The Ocean City Mayor and Council’s majority opposition to cell towers in residential areas was most likely worthless this week. That’s why Ocean City Councilman Dennis Dare’s approach would have been a good idea.
During the discussion of Crown Castle planning to place Distributed Antenna Systems (DAS) in dense residential areas, such as Montego Bay, there was some heated conversation among council members. These towers have been a troubling topic for several years, especially last year when dozens of new towers were added along the Boardwalk. There is no question they provided visual blight, but when balanced against poor cell service the appearance is typically accepted as a necessary evil. It’s a subject that brings up a lot of passion from many, including Councilman Matt James.
“Somebody who wants to install these towers in residential neighborhoods has told you that cell service will be dead if we don’t do this,” James said. “That’s BS. Cell service isn’t going to be dead. You might not be able to watch videos as fast as you like, or your pictures on Facebook might not be as clear, but you’re going to be able to get service and you’re going to be able to call 911.”
Rather than simply oppose the installation outright, Dare instead sought a compromise of sorts. “I make a motion to table this and allow Crown Castle and staff to drill down more on the specific locations,” he said. “That needs to be done. It needs to be vetted a little bit more in a timely manner. They need to have this done before the season because otherwise there will be lapses in service in some of those areas.”
What makes all this discussion moot is the FCC has granted Crown Castle, which is essentially a government utility at this point, the ability to place these towers in residential areas without requiring the blessing of local governments.
According to the FCC, “Section 332(c)(7) of the Communications Act preserves state and local authority over zoning and land use decisions for personal wireless service facilities, but sets forth specific limitations on that authority. Specifically, a state or local government may not unreasonably discriminate among providers of functionally equivalent services, may not regulate in a manner that prohibits or has the effect of prohibiting the provision of personal wireless services, must act on applications within a reasonable period of time, and must make any denial of an application in writing supported by substantial evidence in a written record. The statute also preempts local decisions premised directly or indirectly on the environmental effects of radio frequency (RF) emissions, assuming that the provider is in compliance with the Commission’s RF rules.”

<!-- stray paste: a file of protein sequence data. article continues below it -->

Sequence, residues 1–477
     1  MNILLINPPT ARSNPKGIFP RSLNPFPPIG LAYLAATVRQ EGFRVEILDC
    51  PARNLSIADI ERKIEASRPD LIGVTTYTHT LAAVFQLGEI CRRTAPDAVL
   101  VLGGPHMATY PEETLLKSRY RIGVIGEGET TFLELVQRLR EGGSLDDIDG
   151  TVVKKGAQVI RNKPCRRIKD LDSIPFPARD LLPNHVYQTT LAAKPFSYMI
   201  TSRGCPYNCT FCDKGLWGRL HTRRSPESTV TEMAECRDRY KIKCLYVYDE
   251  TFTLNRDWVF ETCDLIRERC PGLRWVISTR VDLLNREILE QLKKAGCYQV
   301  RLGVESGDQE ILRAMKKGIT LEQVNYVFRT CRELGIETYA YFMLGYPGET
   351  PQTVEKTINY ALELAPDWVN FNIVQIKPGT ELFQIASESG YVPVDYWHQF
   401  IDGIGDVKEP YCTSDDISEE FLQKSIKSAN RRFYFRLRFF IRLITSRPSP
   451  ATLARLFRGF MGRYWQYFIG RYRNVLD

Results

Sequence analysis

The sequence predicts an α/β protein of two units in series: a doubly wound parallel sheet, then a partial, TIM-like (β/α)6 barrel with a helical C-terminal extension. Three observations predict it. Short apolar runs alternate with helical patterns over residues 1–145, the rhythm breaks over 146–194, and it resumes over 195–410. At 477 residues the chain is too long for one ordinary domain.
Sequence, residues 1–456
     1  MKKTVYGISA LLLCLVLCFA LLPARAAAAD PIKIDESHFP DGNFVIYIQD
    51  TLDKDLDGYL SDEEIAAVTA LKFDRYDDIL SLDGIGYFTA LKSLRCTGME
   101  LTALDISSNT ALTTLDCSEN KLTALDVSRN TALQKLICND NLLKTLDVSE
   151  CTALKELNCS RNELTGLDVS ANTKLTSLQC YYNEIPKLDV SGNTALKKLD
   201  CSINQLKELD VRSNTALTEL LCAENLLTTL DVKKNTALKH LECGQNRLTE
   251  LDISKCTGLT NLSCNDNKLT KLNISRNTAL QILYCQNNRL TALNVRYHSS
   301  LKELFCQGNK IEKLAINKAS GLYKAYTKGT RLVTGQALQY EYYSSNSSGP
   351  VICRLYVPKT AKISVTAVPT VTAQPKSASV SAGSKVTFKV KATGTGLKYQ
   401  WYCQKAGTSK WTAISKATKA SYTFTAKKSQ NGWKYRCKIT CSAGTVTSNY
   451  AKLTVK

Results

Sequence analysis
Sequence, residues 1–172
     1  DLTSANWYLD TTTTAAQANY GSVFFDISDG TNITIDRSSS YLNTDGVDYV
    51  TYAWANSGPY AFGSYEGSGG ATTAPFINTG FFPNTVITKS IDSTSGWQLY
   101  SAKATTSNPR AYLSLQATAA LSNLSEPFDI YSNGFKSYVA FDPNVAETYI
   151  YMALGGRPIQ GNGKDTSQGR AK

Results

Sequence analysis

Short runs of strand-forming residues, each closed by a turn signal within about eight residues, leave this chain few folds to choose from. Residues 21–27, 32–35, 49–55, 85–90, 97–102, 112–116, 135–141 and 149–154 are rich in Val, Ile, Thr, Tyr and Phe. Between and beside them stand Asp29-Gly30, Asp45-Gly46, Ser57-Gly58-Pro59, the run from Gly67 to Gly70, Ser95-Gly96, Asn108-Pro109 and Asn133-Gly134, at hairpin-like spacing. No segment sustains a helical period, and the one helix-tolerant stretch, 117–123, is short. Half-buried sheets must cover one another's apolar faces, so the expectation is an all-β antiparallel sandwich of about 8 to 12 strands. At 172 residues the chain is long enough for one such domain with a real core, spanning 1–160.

My interpretation of that is the council can talk tough all its wants on not wanting these towers near homes, but the opposition does not matter. The company can place them where they like. The better approach will be to continue a polite and reasonable dialogue with Crown Castle to steer their locations to less obtrusive sites rather than openly criticizing and only bruising the relationship.
A story in The Baltimore Sun yesterday caught my attention. The headline read, “Four years in, Baltimore County schools’ $147M laptop program has produced little change in student achievement.”
The article details how Baltimore County elementary school students who have been given new laptops – part of a $147 million program – have not registered significant gains in standardized test scores. Therefore, absent documented improvements, education officials and general government representatives are questioning whether the funding should continue in future years. The article even compares Baltimore County student test scores against those of pupils from Baltimore City, where there is no laptop program and much reduced access to technology. It was found Baltimore City schools are improving at a higher rate compared to the neighboring county schools. Quotes from school system officials indicated test scores must improve or this laptop program will be abandoned in the near future.
This line of thinking makes no sense. It further confirms testing results are weighted too heavily and steer some education decision makers. When this company donates annually to the Worcester County Education Foundation to expand the technology available to students in the local school system, I am not gauging further decisions on whether new laptops for high school students or iPads for elementary school students are resulting in better standardized test scores. That’s not important to me all. It’s about these kids gaining access to the technology they will need to function highly in their current and future lives. It’s an unfortunate reality that many households in this area can not afford computers, resulting in vast learning differences for many children and teens who are not privy to the same advantages as their middle- and upper-class peers. That’s not fair. That must be addressed singularly without a contingency on test scores going up.